It’s politically unsafe right now to write even somewhat favorably about Norman Mailer, who was regarded as a bit of a brutish chauvinist in his day. The Daughters of Maximilien Robespierre wouldn’t approve. Nonetheless Mailer did write an excellent book about the Apollo 11 moon mission and the dull NASA technocrats who made it all happen (“Of A Fire On The Moon“). And it does seem like a good idea to re-read it in preparation for Damian Chazelle‘s First Man (Universal, 10.12), which tells the story of astronaut Neil Armstrong (Ryan Gosling) and how, on 7.20.69, he became the first earthling to set food on the lunar surface.
If you ask me “Of A Fire On The Moon” is one of Mailer’s most personal and stirring works. One should try to appreciate it as an epic piece of writing that doesn’t necessarily reflect upon early ’70s firebrand feminists. It’s about much bigger fish.
Last weekend I was poking around inside the Taschen store near the Farmer’s Market, and I happened to notice an abridged, small-scaled version of Mailer’s book, called “Moonfire“, on sale for a mere $20. When Taschen did the first publishing nine years ago they were selling a huge coffee-table version that sold for $1800.
The “Moonfire” copy: “One of the greatest writers of the 20th century captures the definitive event of modern science…discover the men, the machinery, and the sheer thrill of the lunar mission with Norman Mailer’s dazzling account of the Apollo 11 adventure, illustrated by hundreds of photographs,” blah blah.
The original book starts with a riff about the death of Ernest Hemingway, which right away tells you Mailer is not exactly levitating with admiration for each and every aspect of the NASA space program, or certainly the men who worked for the agency.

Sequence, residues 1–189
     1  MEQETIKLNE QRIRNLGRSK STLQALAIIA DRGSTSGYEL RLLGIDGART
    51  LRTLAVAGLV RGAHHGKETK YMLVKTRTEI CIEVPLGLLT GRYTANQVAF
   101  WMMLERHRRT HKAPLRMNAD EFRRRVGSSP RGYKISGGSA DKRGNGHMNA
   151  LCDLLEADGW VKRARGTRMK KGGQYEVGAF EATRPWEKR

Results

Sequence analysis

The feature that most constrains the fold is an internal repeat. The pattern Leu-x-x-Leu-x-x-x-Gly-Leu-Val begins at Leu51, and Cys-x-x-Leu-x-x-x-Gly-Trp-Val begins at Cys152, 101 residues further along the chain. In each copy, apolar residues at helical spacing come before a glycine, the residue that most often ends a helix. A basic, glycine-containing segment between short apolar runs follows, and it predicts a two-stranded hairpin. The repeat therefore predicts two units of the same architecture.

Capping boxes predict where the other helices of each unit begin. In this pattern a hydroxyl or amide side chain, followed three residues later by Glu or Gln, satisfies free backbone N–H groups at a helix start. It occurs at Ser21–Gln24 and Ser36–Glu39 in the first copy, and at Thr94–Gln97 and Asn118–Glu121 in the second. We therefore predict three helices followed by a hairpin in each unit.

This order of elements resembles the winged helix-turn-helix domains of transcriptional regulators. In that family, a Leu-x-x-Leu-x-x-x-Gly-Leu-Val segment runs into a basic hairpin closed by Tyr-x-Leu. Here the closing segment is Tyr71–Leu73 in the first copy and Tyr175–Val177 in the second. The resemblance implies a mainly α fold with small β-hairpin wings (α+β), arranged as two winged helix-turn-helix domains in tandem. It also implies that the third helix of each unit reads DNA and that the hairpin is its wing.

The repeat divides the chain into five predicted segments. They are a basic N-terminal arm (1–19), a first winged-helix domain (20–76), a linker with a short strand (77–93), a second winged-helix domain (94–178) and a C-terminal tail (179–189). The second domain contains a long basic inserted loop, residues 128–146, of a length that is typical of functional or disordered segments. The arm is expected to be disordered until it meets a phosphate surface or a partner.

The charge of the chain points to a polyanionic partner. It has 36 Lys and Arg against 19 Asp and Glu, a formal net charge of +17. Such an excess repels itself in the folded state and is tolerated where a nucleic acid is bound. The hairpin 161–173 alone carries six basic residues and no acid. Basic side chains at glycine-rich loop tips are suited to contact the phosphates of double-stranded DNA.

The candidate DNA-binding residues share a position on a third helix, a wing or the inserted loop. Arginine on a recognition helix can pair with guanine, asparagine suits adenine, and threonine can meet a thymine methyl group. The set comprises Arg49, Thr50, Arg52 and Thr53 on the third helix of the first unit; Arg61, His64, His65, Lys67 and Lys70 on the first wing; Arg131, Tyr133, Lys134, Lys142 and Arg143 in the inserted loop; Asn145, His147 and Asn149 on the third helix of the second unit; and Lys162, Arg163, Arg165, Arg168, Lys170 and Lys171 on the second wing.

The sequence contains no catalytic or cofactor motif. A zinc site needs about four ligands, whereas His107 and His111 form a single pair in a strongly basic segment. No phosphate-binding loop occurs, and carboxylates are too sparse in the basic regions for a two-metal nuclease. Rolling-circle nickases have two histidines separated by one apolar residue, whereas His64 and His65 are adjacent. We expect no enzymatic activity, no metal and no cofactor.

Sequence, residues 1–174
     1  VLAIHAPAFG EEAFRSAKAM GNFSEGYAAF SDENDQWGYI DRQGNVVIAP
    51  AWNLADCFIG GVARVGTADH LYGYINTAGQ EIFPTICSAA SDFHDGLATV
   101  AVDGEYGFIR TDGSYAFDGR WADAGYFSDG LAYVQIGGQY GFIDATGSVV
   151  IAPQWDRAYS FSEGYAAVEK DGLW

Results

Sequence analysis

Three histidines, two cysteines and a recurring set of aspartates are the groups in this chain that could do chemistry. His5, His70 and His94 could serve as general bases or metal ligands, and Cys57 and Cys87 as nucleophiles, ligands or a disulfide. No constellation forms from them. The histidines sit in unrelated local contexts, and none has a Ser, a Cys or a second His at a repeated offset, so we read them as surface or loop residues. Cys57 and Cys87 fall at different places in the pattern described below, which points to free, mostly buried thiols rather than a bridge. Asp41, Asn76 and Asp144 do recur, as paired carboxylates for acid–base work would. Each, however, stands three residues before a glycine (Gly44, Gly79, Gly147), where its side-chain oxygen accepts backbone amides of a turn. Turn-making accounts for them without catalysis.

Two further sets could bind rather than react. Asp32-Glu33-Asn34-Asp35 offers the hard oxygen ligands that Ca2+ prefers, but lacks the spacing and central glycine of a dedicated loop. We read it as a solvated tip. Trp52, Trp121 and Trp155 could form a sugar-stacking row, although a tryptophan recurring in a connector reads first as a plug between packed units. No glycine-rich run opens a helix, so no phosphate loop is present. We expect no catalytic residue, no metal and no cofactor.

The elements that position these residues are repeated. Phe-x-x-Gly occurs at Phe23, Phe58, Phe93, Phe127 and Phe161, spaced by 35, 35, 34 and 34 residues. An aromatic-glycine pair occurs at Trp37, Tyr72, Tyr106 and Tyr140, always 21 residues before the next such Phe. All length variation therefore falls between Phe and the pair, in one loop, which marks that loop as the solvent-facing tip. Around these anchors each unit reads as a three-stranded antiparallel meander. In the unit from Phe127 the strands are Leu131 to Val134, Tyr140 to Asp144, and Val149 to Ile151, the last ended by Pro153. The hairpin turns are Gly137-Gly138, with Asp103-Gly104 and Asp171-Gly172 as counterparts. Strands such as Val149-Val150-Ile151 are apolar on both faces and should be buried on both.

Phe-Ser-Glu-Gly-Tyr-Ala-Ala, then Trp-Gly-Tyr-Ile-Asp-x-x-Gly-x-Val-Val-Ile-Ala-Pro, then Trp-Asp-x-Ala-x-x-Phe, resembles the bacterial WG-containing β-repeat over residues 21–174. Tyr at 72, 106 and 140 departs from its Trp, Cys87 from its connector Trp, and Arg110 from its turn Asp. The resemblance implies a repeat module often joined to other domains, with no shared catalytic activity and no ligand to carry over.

And yet Mailer gradually admits to an admiration for NASA’s WASP efficiency in having gotten a very difficult job done, which he sees as a kind of ultimate vindication of the white-guy jacket-and-tie workplace culture that otherwise, Mailer felt, had added little in terms of genuine beauty or wonder to life on this planet.
He also complained a lot about NASA’s closed and austere society in which “outsiders were distrusted and held at arm’s length with a bland and faceless courtesy that betrays nothing,” in the words of an Amazon reviewer.
Neil Armstrong, the first human being to set foot on the moon, wasn’t much for answering questions or being even somewhat interesting as a conversationalist. I loved Mailer’s equating Armstrong’s profound disinterest in questions to a cow’s irritation with flies landing on its back while grazing in a country field, and how Armstrong’s evasiveness was analogous to a cow’s tail rearing up and swatting flies on its rear haunches…flick…flick….flick.
I remember also that Mailer was asked on a TV talk show about Apollo astronaut Frank Borman having said that Of a Fire on the Moon wasn’t much of a book, and Mailer replying that “it would be easier for a camel to pass through the eye of a needle than for a new idea to find its way into Frank Borman’s head.”